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Thaurismunths

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Reply #21 on: April 13, 2008, 06:42:17 PM
I'm glad you enjoyed it!

I'm from southeastern PA, so I grew up with these stories as well.  Part of the research that went into this piece was work with a geologist friend of mine who's worked for the mining companies, as well as some mine visits.

I'm facinated with the idea of horror in a historical setting; the terror that lurks just out of the camera's range on an old, seipa-tone photo.
Hi Amanda, thanks again for the story.
And while you're here, I missed the significance of something in the exchange with Hardfall down in the mine. He said something about "keeping all Irish". What exactly were they talking about?

How do you fight a bully that can un-make history?


wakela

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Reply #22 on: April 13, 2008, 11:36:54 PM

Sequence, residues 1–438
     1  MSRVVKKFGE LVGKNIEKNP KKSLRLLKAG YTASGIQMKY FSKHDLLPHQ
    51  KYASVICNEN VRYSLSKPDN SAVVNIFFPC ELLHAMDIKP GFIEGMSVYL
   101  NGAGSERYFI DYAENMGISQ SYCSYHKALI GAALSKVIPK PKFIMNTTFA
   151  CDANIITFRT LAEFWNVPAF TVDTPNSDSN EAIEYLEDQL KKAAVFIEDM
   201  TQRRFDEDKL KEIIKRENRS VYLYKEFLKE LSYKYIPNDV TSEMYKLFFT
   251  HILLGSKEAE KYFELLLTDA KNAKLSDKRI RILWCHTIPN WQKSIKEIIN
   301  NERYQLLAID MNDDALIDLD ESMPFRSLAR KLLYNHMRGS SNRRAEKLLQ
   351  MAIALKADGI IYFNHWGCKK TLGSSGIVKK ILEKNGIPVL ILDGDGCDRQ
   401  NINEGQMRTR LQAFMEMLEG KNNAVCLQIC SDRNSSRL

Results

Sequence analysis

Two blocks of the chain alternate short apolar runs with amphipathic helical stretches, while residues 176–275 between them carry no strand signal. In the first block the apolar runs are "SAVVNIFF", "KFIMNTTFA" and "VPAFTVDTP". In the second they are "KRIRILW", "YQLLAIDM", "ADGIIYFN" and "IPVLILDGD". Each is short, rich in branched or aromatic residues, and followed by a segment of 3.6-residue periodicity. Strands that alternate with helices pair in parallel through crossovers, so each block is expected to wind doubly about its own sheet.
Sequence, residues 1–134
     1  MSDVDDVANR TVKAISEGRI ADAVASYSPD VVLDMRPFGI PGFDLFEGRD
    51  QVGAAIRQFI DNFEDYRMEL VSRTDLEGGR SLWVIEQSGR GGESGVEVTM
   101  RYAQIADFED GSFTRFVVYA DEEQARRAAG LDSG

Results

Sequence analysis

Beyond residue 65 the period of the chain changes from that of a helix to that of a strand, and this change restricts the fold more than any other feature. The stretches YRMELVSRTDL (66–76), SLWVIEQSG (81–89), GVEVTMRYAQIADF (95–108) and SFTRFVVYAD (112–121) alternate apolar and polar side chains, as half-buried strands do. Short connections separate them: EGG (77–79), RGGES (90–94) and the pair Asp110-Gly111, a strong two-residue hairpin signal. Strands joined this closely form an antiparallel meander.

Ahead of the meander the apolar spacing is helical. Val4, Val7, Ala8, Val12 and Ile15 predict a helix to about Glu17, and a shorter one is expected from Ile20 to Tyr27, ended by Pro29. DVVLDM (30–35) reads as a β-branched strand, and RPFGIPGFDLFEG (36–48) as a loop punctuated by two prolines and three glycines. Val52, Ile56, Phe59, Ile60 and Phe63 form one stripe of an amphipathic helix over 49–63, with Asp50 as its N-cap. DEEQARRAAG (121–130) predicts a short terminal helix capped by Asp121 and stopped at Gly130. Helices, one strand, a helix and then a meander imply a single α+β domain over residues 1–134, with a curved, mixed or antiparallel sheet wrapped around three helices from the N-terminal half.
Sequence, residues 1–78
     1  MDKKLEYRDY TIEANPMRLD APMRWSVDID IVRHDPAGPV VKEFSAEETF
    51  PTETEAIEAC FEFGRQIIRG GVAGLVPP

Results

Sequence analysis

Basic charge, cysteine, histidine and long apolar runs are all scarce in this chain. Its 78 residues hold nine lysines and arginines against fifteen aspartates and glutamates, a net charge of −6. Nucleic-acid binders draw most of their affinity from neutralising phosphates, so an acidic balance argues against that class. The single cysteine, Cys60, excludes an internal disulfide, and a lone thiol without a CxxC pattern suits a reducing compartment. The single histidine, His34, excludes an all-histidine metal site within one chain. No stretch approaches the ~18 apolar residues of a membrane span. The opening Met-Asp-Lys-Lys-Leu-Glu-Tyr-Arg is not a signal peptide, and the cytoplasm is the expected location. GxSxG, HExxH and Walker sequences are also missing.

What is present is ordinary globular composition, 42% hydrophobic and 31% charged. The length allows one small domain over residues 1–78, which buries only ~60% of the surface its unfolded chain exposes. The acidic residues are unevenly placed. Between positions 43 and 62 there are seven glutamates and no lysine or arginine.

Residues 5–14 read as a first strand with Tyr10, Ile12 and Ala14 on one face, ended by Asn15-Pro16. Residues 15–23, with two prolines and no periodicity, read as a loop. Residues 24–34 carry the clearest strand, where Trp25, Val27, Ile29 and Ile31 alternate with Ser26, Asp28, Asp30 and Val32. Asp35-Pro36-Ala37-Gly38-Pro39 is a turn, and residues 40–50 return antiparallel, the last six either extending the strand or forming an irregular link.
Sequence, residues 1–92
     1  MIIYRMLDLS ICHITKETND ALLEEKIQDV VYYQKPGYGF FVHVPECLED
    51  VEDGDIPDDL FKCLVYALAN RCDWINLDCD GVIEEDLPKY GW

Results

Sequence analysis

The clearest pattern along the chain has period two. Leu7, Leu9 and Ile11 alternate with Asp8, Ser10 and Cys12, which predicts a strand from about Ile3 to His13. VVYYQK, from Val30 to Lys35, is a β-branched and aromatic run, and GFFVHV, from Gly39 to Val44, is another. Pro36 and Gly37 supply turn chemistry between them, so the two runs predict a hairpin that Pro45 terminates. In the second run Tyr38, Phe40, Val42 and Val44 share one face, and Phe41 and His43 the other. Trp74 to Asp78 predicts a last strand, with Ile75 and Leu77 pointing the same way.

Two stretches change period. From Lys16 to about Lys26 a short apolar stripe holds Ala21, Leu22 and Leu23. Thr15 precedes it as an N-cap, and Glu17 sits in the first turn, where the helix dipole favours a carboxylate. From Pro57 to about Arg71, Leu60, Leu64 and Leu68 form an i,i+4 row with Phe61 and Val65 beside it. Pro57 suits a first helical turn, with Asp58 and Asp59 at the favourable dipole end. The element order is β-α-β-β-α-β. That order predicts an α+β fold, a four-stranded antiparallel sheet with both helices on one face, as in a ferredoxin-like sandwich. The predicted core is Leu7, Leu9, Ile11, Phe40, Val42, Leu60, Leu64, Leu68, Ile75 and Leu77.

Did anyone else think the reading of the character who stepped into a test shaft reminded them a tiny bit of Sean Connery?

Remind me? Hell, it nearly took me out of the story for I started giggling and saying lines from The Untouchables in a surely Scottish accent. After that I got that out of my system, I was able to listen.


No kidding. I spent half of the story waiting for him to slip one in about the miners being ' shaken, not stirred'...

"You'll rue the day ye turned ME into a zombie, Trebek!"


Do you expect me to talk?

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Amanda Spikol

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Reply #23 on: April 14, 2008, 04:09:21 AM
I'm glad you enjoyed it!

I'm from southeastern PA, so I grew up with these stories as well.  Part of the research that went into this piece was work with a geologist friend of mine who's worked for the mining companies, as well as some mine visits.